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September’s historic trips... Ten things to do

Get out and about with our guide to the very best historical attractions this September.

Published: September 1, 2010 at 9:00 am
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Explore a display of ancient Egyptian decorative art collected by Major William Joseph Myers during the second half of the 19th century. Among other objects, the exhibition features mummy masks, jewellery and pottery of the time, as well as statuettes of mortals and gods. Visitors can also view a web-based virtual gallery displaying around 140 scanned artefacts just waiting to be downloaded, magnified and explored from all angles.


Exhibition: Sacred and Profane: Treasures of Ancient Egypt
The Barber Institute of Fine Arts, Birmingham

Until 18 January 2012
0121 414 7333

Indulge in a literary feast

Over 100 events will take place at a number of venues during this, Henley’s fourth literary festival. Appearances from big names such as Melvyn Bragg and Antonia Fraser are on the menu, together with the likes of Tariq Ali, Alexei Sayle and Lesley Garner. You can listen to poetry or fine-tune your literary skills in a writers’ workshop. The festival is sponsored by BBC Magazines – turn to page 65 of September's issue for more details.

Event: Henley Literary Festival
Various locations, Henley

29 September–3 October
0118 972 4700

Experience some heavy metal

Tickford Iron Bridge, the venerable cast iron bridge that still carries traffic on a main road, is celebrating its 200th birthday with a host of celebrations. A parade of vehicles, some dating back to 1810, will drive over the bridge, led by an original horse-drawn stagecoach.

Event: Bicentenary of Tickford Iron Bridge
Newport Pagnell, Buckinghamshire

18 September
01908 618756

Relive the Blitz

Marking the 70th anniversary of the Blitz and the 65th anniversary of the Dresden bombing, this exhibition explores how public transport kept people moving during the bombing campaigns of the Second World War. It will also examine how the inhabitants of London, Coventry and Dresden reacted to devastating assaults from the air.

Exhibition: Under Attack – London, Coventry, Dresden
London Transport Museum, London

7 September 2010–31 March 2011
020 7379 6344

Explore hidden gems

Over 4,000 properties not normally accessible to the public in England will throw open their doors over one special weekend in September as part of a celebration of Europe’s cultural heritage. The list of places to see is extensive and includes the Elizabethan North Lees Hall in the Peak District National Park – said to be the inspiration for Thornfield Hall in Charlotte Brontë’s Jane Eyre. Scotland is running Doors Open Days throughout September (www.doorsopendays.org.uk) and Wales, too, will be hosting open doors events (www.civictrustwales.org). Meanwhile, London’s Open House weekend will take place on 18-19 September (www.londonopenhouse.org) and Northern Ireland’s Heritage Open Days run between 11-12 September.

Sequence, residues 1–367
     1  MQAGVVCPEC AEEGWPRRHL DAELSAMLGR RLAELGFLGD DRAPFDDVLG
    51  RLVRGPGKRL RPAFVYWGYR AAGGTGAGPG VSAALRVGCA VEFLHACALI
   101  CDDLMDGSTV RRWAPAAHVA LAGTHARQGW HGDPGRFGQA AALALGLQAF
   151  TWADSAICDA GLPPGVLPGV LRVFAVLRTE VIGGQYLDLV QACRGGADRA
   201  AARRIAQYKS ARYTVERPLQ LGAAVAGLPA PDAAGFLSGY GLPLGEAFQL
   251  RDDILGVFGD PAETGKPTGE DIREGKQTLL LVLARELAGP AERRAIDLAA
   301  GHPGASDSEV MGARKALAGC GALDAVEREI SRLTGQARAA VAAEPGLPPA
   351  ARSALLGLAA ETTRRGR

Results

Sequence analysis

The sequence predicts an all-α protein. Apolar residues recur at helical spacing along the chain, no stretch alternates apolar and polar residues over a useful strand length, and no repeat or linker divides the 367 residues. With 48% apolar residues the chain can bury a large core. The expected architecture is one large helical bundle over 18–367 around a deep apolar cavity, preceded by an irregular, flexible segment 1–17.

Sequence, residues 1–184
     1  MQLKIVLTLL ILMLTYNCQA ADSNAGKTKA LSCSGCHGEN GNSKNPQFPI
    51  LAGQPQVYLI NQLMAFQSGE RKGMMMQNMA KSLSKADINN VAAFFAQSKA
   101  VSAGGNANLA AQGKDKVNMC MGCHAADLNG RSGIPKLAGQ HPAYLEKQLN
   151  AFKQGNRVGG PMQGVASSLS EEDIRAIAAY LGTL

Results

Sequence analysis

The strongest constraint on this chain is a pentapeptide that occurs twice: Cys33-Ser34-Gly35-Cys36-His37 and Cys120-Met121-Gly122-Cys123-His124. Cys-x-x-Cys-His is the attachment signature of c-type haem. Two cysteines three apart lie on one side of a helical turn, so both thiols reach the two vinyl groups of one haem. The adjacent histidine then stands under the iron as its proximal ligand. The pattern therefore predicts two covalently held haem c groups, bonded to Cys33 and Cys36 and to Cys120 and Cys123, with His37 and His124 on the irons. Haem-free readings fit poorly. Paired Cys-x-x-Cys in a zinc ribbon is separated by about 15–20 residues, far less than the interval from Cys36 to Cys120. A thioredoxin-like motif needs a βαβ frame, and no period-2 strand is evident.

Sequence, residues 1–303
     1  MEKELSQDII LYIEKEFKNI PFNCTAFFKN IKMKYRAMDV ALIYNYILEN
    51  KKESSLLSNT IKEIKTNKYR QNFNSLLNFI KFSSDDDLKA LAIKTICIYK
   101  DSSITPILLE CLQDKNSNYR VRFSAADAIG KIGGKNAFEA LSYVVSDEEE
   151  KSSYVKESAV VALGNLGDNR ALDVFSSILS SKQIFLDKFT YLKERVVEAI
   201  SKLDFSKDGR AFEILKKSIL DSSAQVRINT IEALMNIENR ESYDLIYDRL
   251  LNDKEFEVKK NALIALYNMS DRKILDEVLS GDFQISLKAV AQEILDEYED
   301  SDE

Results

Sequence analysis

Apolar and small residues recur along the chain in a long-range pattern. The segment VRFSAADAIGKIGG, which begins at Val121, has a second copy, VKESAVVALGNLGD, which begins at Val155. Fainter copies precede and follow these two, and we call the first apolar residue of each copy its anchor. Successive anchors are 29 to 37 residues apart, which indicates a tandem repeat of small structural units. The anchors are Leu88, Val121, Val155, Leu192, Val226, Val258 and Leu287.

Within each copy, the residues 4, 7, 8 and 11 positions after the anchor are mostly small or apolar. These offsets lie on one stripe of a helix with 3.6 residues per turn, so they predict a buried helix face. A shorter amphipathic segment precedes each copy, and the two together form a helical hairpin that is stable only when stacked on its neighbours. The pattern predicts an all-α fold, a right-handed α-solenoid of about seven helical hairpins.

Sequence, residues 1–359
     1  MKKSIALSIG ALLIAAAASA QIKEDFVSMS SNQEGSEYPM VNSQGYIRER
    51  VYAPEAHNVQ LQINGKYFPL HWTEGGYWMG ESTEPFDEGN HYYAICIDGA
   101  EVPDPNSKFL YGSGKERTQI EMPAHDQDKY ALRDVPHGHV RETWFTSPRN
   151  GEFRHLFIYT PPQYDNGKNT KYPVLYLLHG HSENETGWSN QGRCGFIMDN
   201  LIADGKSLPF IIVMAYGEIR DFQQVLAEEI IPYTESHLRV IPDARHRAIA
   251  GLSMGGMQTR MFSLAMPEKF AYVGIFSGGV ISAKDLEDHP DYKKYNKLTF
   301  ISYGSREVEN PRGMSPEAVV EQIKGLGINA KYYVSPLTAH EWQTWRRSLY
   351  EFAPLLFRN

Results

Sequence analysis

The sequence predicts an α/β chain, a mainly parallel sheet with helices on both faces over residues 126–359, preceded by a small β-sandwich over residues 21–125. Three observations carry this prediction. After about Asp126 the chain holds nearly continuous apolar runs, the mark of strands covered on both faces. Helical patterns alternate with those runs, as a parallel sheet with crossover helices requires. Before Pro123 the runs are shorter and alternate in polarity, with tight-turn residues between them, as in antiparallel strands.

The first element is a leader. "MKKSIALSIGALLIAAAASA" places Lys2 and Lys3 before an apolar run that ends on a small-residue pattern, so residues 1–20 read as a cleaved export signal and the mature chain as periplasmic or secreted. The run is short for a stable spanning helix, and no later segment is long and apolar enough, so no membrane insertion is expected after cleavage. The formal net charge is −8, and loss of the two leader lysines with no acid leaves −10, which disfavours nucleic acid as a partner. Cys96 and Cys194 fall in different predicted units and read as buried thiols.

Event: Heritage Open Days

9-12 September
0844 335 1884

Get a taste of fish and ships

Find out more about the role that the river Severn played in the fishing industry and as
a trade route into south Wales. Plus, help celebrate 20 years of archaeological investigations along the Severn Estuary Levels.

Exhibition: Fish and Ships
National Museum Cardiff, Wales

7 September–30 April 2011 
029 2039 7951

Fall under the spell of Rosa

Hailed as the creator of allegorical painting, Salvator Rosa’s 17th-century art depicts a variety of subjects ranging from romantic, enigmatic figures to some of the major philosophical and scientific concerns of his age. Rosa was seen by many as a true rebel and libertine thinker, and was often in real danger from the Inquisition. One of the highlights of the exhibition is a display of large figure paintings depicting some of Rosa’s main interests.

Exhibition: Salvator Rosa: Bandits, Wilderness and Magic
Dulwich Picture Gallery, London

15 September–28 November
020 8693 5254

Take to the sea in Aberdeen

Museums from ten countries have contributed to this exhibition, which tells the story of 150 years of North Sea passenger lines. Among the exhibits are the remains of a sunken passenger ship discovered by wreck divers in 2009, 92 years after the ship was lost. Also on display are the ship’s bell, plate, saucer and fork from the wreck of the Aberdeen steamship, Hogarth, which was torpedoed by a German U-boat off the coast of Northumberland, killing 26 people.

Exhibition: North Sea Passenger Lines
Aberdeen Maritime Museum,

Until 26 September
01224 337700

Explore Britain’s love affair with tea

From Earl Grey to PG Tips, the British have had a soft spot for a good cup of tea for centuries, and now you can trace the origins and history of this most beloved beverage, from its roots in the Far East to the shores of Britain. The exhibition features a host of historic and contemporary tea ware, including a 19th-century Russian Samovar and ceramics from Yorkshire potteries.

Exhibition: Teatopia
Millennium Gallery, Sheffield

Until 24 October
0114 278 2600

Take an epic journey

Feast your eyes on paintings from some of the world’s most exquisite manuscripts, inspired by the Iranian literary epic Shahnameh (Book of Kings). Almost twice as long as the Iliad and the Odyssey put together, the text has inspired artists and illustrators for centuries. There are 100 illustrated manuscripts and Persian miniature paintings on display, designed to bring the mythical and supernatural to life.

Exhibition: Epic of the Persian Kings: The Art of Ferdowsi’s Shahnameh
The Fitzwilliam Museum, Cambridge


11 September–9 January 2011
01223 332900


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